Veduta di Mola di Gaeta, e in distanza della Città di Gaeta colla sua Fortezza e Rada. No. 5
[View of Mola di Gaeta, and in the distance the city of Gaeta with its fortress and fleet]
Probably painted in 1790, this view of the town of Mola di Gaeta is dominated by the stone tower of the medieval fortress on the left. Workers stack wood by the shore and people and dogs pass along the road. The original painting for this print apparently was one of the 17 of uniform large size originally in the Villa Favorita.
Jacob Philipp Hackert (referred to herein as “Jacob,” “Jacob Hackert,” or simply “Hackert”) and Georg Abraham Hackert (referred to herein as “Georg” or “Georg Hackert”) were brothers belonging to a German family of artists that also included their father Philipp Hackert, who gave Jacob his initial training. Hackert then studied with Blaise Nicolas Le Sueur at the Berlin Academy. Between 1762 and 1765, he traveled and studied in Germany and Sweden. He spent the following three years in Paris, where he met and was strongly influenced by the French landscape and marine artist Claude-Joseph Vernet. Hackert left for Italy in 1768, eventually settling in Rome, amid a vibrant community of French, German and English artists and scholars. During the 1770s, he became closely associated with the prominent British antiquarians Sir William Hamilton and Richard Payne Knight in Naples, producing illustrations of volcanoes for Hamilton’s texts and accompanying Knight on a sketching trip through Sicily. The evolution of his style toward greater clarity and naturalism during this period has caused some scholars to consider Hackert to be the first major exponent of the neoclassical landscape. Indeed, Hackert was a major figure in the fine arts in Italy during the height of the so called Grand Tour.
In 1782, Hackert became court painter to King Ferdinand IV (1751-1825), ruler of Sicily and most of Italy south of the Papal States. (The third son of King Charles III of Spain and a member of the Bourbon dynasty, King Ferdinand IV of The Two Sicilies was also known as Ferdinand I.) While in service to the king, Hackert produced an important series of paintings of southern Italian ports, influenced by Vernet’s series on French ports, sometimes referred to as the “Collection of the Ports of the Two Sicilies.” He also established a school in Naples and taught landscape painting to engravers, including his younger brother Georg. Georg also worked in the studio of Berger in Berlin. In 1786, he established himself in Naples as an engraver and printseller, working under royal patronage. When French Revolutionary forces occupied Naples in 1799, the Hackert brothers fled, eventually settling near Florence. Today, Jacob Hackert’s paintings and Georg Hackert’s engravings are in the collections of the world’s major museums, including the Hermitage, the Louvre and the British Museum.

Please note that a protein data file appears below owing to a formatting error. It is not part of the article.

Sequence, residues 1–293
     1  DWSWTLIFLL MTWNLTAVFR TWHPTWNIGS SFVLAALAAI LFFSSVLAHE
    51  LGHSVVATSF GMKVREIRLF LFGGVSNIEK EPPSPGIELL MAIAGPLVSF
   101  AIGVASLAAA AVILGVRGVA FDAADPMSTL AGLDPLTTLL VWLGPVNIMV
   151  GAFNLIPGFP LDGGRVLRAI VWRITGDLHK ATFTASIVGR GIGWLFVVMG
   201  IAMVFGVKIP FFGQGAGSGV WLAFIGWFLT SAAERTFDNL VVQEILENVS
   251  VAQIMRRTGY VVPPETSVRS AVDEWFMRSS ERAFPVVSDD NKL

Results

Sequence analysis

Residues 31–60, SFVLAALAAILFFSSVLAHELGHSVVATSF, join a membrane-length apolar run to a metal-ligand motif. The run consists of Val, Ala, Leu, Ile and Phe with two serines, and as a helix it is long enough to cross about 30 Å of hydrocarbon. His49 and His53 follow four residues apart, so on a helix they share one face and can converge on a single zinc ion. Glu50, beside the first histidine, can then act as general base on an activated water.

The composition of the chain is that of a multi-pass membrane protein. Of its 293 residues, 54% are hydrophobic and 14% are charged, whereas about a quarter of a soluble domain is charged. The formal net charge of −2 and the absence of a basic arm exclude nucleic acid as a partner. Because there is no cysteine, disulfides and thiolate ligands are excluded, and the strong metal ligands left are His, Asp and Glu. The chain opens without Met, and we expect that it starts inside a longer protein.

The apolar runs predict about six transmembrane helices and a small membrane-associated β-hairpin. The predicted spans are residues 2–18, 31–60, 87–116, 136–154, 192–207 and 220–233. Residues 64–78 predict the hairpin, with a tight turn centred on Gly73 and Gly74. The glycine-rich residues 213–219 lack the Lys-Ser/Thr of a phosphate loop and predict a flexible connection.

Inscriptions lower margin, all prints: Preso dal Quadro originale che sa parte della Collezione dei Porti delle due Sicilie ordinata da S.M. il Re. dipinto da Filippo Hackert, e inciso da Giorgio Hackert. Si vende a Napoli presso l’Autore. [Taken from the original panel known as the Collection of the Ports of the Two Sicilies ordered by His Majesty the King. Painted by Philipp Hackert, and engraved by Georg Hackert. It is sold in Naples by the author.]
Condition: Printed on 18th-century laid rag paper. Each generally very good with the usual overall light toning and wear. Very large margins. A few prints with light marginal dampstains, currently easily matted out. Now in gilt wood frames with French mats. These prints are from the estate of a prominent New Yorker recently active in the Central Park Conservancy; full information available to purchaser.
Attanasio, Sergio. 2007. Palazzo di Cittá — Villa di Campagna: La committenza nobiliare nel Settecento a Napoli e nel Vesuviano. pp. 11-15. http://www.exallievi-villafavorita.net/villa/rep/estratto.pdf (4 January 2013).
Bénézit, E. Dictionnaire critique et documentaire des Peintres, Sculpteurs, Dessinateurs et Graveurs. France: Librairie Gründ, 1966. Vol. 4, pp. 541-542.
Bolton, Roy (ed.). The Collectors: Old Master Paintings. London: Sphinx Books, 2009. p. 35. Online at Google Books: http://books.google.com/books?id=uipMh9XRnHIC&pg=PA35 (4 January 2013).
Frecentese, Roberto. “I borghi: territorio ed insediamenti produtivi.” Formia nel Medioevo. http://www.medioevoformia.it/iborghi.html (4 January 2013).
Grasso, Alfonso. Il cantiere navale di Castellammare di Stabia. 2004 December. Brigantino – il Portale del Sud. December 2004. http://www.ilportaledelsud.org/castellammare.htm (4 January 2013).
“Plan of the Second Floor of the Museo Regionale di Palazzo Mirto.” Galleria Interdisciplinare Regionale della Sicilia di Palazzo Abatellis. http://www.regione.sicilia.it/beniculturali/palazzomirto/secondopiano.html
(4 January 2013).
“Sale 5628. Lot 71. Lot Notes.” Christie’s. 5 July 1996. http://www.christies.com/lotfinder/lot/jakob-philipp-hackert-a-view-of-the-1030530-details.aspx?intObjectID=1030530 (4 January 2013).